can I get help with settling a claim amount?

UPDATED: Sep 30, 2022

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can I get help with settling a claim amount?

My car was stolen and recovered and is
considered a total loss. Insurance finally replied
and then offered me about 1,300 for my car.
They also asked for receipts and I found all
receipts totaling 2,600 for things I bought for
my car. They denied all receipts after I showed
them and after they calculated themselves.
They are offering me way less than what my
car is worth. And the minimum they said when I
got the full coverage was 2,500. If anything
happened to it. Can you help me with the
settlement? It’s been over 4 months and I have
been using my family members car to get to
work wihich is a gas eater.

Asked on July 26, 2017 under Insurance Law, California


SJZ, Member, New York Bar / FreeAdvice Contributing Attorney

Answered 5 years ago | Contributor

The issue isn't what they "said" when you bought the policy; it's what does the written policy, which is a contract, say. If the policy guarantees you $2,500, they have to provide you that much; if they won't, you could sue them (e.g. in small claims court) to get the amount they contracted to pay.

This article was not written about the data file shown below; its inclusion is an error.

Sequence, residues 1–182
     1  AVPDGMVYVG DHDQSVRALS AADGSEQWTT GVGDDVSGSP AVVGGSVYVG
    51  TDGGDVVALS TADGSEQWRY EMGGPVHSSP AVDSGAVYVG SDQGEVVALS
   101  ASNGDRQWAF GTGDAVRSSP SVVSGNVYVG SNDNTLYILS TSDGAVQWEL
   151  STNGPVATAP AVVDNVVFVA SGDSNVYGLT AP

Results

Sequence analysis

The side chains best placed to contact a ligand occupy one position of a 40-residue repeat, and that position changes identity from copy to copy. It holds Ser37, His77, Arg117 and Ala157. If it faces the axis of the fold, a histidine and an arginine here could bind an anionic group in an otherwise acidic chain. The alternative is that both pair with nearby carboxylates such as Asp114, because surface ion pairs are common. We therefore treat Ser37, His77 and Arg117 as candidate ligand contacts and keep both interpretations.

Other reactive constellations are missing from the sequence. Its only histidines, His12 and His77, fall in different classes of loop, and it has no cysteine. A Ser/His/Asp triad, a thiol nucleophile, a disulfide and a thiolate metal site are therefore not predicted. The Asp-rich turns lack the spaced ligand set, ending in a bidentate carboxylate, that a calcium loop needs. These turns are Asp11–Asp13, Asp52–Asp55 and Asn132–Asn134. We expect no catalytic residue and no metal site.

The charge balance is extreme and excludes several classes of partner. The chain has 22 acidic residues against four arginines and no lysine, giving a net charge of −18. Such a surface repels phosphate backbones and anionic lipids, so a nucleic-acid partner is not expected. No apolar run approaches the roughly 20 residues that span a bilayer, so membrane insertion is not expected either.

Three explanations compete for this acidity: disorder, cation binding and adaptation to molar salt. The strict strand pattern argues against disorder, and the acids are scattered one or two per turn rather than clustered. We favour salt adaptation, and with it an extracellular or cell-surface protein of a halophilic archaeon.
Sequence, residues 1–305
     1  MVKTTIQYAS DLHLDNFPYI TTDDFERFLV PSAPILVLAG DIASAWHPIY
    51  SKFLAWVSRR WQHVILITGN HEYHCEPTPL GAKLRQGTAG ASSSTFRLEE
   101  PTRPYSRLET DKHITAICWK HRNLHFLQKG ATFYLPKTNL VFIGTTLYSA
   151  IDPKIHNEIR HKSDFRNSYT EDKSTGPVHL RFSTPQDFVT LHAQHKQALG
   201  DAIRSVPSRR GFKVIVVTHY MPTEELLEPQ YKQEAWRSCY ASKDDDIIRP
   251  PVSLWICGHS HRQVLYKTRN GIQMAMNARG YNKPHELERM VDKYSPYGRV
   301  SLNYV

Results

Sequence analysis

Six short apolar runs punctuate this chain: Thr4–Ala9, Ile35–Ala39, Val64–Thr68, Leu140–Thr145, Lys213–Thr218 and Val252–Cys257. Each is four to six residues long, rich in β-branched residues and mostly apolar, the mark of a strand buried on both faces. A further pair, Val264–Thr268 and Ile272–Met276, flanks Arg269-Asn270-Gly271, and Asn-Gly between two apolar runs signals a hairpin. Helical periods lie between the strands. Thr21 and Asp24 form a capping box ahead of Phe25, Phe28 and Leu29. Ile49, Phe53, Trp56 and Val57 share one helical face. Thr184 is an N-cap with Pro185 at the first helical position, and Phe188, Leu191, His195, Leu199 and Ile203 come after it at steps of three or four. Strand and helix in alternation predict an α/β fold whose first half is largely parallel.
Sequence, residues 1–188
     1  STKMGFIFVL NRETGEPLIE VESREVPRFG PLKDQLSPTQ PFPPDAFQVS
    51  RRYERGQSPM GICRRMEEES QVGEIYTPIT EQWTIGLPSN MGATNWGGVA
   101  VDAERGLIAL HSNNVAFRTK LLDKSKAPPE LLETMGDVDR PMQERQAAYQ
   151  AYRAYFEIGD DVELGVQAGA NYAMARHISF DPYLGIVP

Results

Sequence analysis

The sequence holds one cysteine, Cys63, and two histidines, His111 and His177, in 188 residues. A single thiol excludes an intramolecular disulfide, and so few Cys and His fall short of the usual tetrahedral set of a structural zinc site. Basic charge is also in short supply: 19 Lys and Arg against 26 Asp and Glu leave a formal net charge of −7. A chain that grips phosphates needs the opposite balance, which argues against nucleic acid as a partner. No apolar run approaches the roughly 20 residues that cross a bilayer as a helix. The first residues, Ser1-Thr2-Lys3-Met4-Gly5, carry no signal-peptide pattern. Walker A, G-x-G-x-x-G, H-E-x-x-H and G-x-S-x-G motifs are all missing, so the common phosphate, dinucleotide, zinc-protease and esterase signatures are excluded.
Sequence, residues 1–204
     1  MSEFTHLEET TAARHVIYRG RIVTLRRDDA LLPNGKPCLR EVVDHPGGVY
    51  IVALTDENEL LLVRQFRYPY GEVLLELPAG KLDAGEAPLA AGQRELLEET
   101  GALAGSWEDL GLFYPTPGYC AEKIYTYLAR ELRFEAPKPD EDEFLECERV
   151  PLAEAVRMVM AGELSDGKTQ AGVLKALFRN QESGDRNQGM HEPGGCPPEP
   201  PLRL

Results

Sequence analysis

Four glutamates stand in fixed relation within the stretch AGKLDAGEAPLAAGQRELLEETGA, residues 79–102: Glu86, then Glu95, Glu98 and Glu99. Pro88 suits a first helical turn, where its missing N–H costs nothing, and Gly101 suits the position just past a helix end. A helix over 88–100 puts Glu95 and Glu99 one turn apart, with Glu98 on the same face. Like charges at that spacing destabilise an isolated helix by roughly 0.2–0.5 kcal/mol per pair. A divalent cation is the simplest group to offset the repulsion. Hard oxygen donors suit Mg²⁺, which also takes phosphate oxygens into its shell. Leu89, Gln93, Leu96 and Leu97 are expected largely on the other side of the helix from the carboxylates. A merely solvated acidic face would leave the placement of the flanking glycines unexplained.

But if there is no guaranteed minimum in the policy, they owe you what the car's fair market value (or blue book value) was at the time it was totalled, given its make, mileage, model, year, condition. It does not not matter what you put into the car; all that matters is what it was then worth. If you are being offered what it was worth (more or less; it's not an exact science), that's all you are entitled to; if being offered less than that, you could again sue to get the fair market value.

IMPORTANT NOTICE: The Answer(s) provided above are for general information only. The attorney providing the answer was not serving as the attorney for the person submitting the question or in any attorney-client relationship with such person. Laws may vary from state to state, and sometimes change. Tiny variations in the facts, or a fact not set forth in a question, often can change a legal outcome or an attorney's conclusion. Although has verified the attorney was admitted to practice law in at least one jurisdiction, he or she may not be authorized to practice law in the jurisdiction referred to in the question, nor is he or she necessarily experienced in the area of the law involved. Unlike the information in the Answer(s) above, upon which you should NOT rely, for personal advice you can rely upon we suggest you retain an attorney to represent you.

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